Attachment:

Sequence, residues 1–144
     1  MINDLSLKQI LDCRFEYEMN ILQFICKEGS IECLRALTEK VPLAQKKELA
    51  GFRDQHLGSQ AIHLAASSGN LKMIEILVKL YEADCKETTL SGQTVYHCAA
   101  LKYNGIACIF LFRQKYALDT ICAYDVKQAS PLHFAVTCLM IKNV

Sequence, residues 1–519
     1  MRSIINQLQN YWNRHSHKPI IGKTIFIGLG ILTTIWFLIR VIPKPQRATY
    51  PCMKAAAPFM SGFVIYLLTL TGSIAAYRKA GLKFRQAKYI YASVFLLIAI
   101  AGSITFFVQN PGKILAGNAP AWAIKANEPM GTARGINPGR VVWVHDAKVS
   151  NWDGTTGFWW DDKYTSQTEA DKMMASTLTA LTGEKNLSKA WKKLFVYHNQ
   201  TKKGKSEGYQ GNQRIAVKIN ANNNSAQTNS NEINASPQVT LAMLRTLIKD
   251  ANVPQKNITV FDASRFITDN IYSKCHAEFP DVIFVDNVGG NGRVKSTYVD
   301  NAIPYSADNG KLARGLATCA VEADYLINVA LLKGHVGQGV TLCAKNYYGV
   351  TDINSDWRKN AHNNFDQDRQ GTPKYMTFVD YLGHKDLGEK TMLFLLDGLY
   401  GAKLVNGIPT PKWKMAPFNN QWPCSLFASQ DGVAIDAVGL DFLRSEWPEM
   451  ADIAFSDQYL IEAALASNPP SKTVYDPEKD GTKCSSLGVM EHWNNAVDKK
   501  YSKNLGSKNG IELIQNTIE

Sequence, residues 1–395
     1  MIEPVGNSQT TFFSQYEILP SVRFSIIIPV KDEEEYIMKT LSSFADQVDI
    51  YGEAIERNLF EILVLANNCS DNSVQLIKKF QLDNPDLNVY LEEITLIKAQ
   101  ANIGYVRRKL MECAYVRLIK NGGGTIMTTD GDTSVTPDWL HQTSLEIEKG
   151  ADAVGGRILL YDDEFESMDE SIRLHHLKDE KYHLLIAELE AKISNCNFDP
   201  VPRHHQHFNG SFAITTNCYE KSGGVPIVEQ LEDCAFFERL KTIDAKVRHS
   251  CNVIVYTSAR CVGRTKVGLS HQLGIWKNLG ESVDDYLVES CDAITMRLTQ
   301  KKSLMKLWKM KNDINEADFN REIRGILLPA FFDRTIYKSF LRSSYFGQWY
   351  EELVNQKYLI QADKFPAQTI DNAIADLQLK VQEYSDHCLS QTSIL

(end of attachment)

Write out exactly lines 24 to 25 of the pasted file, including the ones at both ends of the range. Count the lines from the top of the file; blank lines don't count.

   301  KKSLMKLWKM KNDINEADFN REIRGILLPA FFDRTIYKSF LRSSYFGQWY
   351  EELVNQKYLI QADKFPAQTI DNAIADLQLK VQEYSDHCLS QTSIL